KQED and the Center for Investigative Reporting have teamed up to tell a decidedly sobering story of abuse by caregivers in California nursing homes. If you're wondering who's protecting the elderly, perhaps the most haunting quote is this one from Brian Woods, former director of the state Department of Public Health's office in West Covina (Los Angeles County):
“I would tell anybody: Do not count on the government taking care of you," Woods said.
I'm not sure whether to feel disheartened or furious. But what the KQED and CIR reports speak to are the need for patients (if possible) and certainly their families and loved ones to be very engaged when selecting a nursing home in the first place.
When you are looking for a nursing home, there are "time-tested methods for identifying and evaluating nursing homes," according to California Advocates for Nursing Home Reform, a leading statewide advocate for long-term care for the last 30 years. I talked to Pat McGinnis, CANHR co-founder and executive director.
1) Visit in person: It sounds pretty basic, but this was one of the first things McGinnis said. "People will look to the (Medicare) five-star approval," she said, in reference to Medicare's Nursing Home Compare website, "but we've got five-star facilities that are terrible and two-star facilities that are good." Websites are a starting point, but you must go take a look -- and be sure to visit more than one facility. Then, trust your gut. If you get a bad feeling right off the bat, pay attention to that feeling.
2) Schedule your visit at lunchtime: McGinnis said lunchtime is the busiest time of day. While facilities may publish their staffing ratios, that's a meaningless number to the average consumer. But you can look for other signs, during this busy time of day. "If you see people waiting to get their call light answered," that can mean the facility is understaffed. "If they don't have enough people during lunchtime, they won't have enough at night." This is also a good time to pay attention to how the staff treats patients. Are they condescending or nasty? Do they talk about the patients as if the patients were not right there? And while you're there during lunch, take a look at the food. McGinniss acknowledged that people at larger institutions -- from colleges to nursing homes -- will complain about the food, but still there's a range. Try it. Will any special dietary needs be met? As you narrow your choices to one or two places, visit on the weekends, too.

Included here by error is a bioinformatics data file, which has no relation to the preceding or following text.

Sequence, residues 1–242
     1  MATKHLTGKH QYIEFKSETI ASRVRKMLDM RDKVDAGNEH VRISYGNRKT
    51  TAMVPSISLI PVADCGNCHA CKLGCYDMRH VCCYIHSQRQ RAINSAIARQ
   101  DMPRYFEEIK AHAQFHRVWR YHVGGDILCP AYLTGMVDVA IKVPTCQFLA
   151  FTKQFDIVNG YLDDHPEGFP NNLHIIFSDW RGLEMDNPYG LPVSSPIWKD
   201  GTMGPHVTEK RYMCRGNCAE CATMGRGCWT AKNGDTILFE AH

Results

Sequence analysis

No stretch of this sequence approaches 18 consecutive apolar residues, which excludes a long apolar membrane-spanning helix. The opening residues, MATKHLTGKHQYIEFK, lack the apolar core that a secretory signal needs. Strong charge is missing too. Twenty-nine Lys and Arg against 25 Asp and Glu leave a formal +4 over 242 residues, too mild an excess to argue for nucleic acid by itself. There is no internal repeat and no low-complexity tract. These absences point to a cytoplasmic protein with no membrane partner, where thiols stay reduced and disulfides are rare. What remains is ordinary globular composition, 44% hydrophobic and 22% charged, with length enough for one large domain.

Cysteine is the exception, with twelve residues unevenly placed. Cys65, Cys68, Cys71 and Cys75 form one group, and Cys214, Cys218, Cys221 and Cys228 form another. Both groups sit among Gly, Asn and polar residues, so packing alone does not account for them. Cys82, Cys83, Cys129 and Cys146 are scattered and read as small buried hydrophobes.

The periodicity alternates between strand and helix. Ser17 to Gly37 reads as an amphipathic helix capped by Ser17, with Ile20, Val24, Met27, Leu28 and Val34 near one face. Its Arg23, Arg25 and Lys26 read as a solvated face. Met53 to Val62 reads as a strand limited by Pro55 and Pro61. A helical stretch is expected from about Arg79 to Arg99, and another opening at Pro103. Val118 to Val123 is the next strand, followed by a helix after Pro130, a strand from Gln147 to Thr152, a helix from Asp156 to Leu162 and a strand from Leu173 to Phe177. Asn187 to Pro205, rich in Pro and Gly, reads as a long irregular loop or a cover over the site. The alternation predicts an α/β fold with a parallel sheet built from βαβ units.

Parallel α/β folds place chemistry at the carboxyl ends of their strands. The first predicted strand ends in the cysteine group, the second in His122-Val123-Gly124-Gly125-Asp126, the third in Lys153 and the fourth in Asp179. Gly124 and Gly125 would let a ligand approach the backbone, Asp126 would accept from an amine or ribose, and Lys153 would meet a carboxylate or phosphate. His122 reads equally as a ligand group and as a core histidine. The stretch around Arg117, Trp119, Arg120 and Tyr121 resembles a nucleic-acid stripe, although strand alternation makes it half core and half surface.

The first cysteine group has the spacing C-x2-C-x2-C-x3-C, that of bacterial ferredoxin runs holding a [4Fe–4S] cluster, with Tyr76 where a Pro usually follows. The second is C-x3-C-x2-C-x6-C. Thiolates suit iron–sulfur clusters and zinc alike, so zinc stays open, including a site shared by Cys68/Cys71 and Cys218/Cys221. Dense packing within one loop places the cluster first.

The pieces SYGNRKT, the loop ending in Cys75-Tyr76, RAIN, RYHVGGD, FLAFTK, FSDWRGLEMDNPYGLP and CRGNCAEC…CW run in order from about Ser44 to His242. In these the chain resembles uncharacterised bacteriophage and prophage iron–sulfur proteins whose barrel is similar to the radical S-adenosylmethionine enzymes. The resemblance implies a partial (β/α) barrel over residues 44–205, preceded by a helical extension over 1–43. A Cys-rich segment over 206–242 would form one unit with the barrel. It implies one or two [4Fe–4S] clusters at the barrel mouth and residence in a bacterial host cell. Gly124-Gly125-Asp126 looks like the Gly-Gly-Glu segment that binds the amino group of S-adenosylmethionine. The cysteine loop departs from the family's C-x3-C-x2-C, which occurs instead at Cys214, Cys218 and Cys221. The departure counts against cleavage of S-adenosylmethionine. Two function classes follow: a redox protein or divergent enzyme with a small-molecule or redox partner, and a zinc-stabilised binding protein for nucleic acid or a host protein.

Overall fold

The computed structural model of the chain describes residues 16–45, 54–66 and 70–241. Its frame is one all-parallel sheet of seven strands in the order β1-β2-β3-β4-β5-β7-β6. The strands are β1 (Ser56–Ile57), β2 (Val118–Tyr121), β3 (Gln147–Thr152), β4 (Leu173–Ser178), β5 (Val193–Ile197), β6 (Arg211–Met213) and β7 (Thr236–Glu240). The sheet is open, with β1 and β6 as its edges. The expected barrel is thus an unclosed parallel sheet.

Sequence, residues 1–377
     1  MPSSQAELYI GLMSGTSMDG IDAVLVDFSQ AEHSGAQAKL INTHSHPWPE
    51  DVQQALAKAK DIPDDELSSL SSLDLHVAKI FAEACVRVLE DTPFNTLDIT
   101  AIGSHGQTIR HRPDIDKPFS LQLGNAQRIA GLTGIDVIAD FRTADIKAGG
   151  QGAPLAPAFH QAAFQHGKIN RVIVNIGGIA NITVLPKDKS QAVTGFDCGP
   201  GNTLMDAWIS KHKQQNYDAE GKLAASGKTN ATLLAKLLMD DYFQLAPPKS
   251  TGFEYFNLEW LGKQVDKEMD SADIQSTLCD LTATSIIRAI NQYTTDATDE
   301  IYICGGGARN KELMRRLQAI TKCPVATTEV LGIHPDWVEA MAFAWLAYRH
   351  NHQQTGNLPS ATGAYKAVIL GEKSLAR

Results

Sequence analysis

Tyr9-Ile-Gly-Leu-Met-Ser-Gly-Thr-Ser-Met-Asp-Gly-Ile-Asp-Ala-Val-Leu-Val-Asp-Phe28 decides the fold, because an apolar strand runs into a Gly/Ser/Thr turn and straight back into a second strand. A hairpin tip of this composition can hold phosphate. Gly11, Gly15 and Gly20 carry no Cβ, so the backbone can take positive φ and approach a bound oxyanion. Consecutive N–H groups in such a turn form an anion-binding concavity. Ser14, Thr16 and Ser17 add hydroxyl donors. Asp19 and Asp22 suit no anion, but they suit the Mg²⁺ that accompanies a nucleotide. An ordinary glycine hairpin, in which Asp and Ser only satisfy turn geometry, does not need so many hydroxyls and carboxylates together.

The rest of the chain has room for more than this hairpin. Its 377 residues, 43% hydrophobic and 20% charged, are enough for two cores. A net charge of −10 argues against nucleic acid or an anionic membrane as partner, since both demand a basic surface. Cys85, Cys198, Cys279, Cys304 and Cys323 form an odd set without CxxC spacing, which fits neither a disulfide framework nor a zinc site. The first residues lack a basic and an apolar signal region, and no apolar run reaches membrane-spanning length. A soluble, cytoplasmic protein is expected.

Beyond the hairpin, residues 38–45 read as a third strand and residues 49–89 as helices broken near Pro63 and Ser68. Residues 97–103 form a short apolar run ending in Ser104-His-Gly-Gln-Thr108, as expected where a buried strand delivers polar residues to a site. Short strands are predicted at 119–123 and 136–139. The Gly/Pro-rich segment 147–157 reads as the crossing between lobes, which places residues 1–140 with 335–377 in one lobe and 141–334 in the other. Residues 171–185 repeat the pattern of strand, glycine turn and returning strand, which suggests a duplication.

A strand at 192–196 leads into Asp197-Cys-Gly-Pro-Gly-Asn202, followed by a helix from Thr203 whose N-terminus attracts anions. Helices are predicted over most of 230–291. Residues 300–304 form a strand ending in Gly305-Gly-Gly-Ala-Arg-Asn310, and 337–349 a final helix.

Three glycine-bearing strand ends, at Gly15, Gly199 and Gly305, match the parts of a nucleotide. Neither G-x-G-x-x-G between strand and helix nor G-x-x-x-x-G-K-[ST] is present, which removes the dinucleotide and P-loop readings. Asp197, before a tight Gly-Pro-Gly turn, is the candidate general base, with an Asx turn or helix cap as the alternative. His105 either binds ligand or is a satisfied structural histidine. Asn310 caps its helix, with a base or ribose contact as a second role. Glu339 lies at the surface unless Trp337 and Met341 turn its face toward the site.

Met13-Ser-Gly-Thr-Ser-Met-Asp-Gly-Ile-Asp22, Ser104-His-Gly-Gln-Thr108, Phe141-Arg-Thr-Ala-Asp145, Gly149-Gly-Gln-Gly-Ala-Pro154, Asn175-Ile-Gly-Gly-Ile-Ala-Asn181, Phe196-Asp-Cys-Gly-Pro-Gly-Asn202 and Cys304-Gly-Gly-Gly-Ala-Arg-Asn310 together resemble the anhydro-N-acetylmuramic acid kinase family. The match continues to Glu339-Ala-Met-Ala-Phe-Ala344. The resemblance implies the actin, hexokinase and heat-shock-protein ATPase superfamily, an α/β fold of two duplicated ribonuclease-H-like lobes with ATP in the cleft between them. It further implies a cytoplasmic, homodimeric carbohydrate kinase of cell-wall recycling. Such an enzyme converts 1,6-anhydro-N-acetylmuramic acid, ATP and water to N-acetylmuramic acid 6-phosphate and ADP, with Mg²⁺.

3) Visit your loved one often: "The more visitors the patient has, the better the care is going to be," McGinniss said. In addition, an elderly or otherwise frail patient is unlikely to be her own best advocate. It is the regular visitor who will notice that any one of a number of things are not quite right: The walker is too far away from the bed (which could mean a fall if the patient has to struggle to get to it); there's no water on the nightstand; the patient isn't being turned enough, which can lead to bedsores and from there, the possibility of sepsis, a potentially life-threatening infection. It is the regular visitor who will notice these things and can effect change.
4) Is there a family council? This is just what it sounds like: a group of family members who care about the residents, although McGinniss cautioned about making sure this is not simply an "activity-based" group. It should be about addressing problems or issues at the facility. "They can be powerful tools," McGinniss said. She recommends asking about the council, who the president is, and when they meet. In addition, family councils are "a way to share burdens with each other."
5) Look for a "dual-eligible" facility: Many people think Medicare covers nursing home care for as long as someone needs it. It does not. Medicare only covers 100 days in a nursing home. Unless your loved one is very wealthy, you need to consider finances right up-front. Nursing home cost is "just extraordinary" McGinniss said, "$7,000 to $8,000 a month." Consider how quickly your loved one might go through any savings and become eligible for Medi-Cal, which is the major payer of nursing home care. If the nursing home does not accept Medi-Cal it can evict your loved one, should your family become unable to pay. So look for a nursing home that accepts both Medicare (for those first 100 days) and Medi-Cal (in case your loved one runs out of money).
Finally, even though KQED's and CIR's investigation has revealed that the state is not doing its job in investigating abuses, if you feel something wrong is happening, document it. "Document as much as possible," McGinniss said. "The nursing home and staff are supposed to report suspected abuse."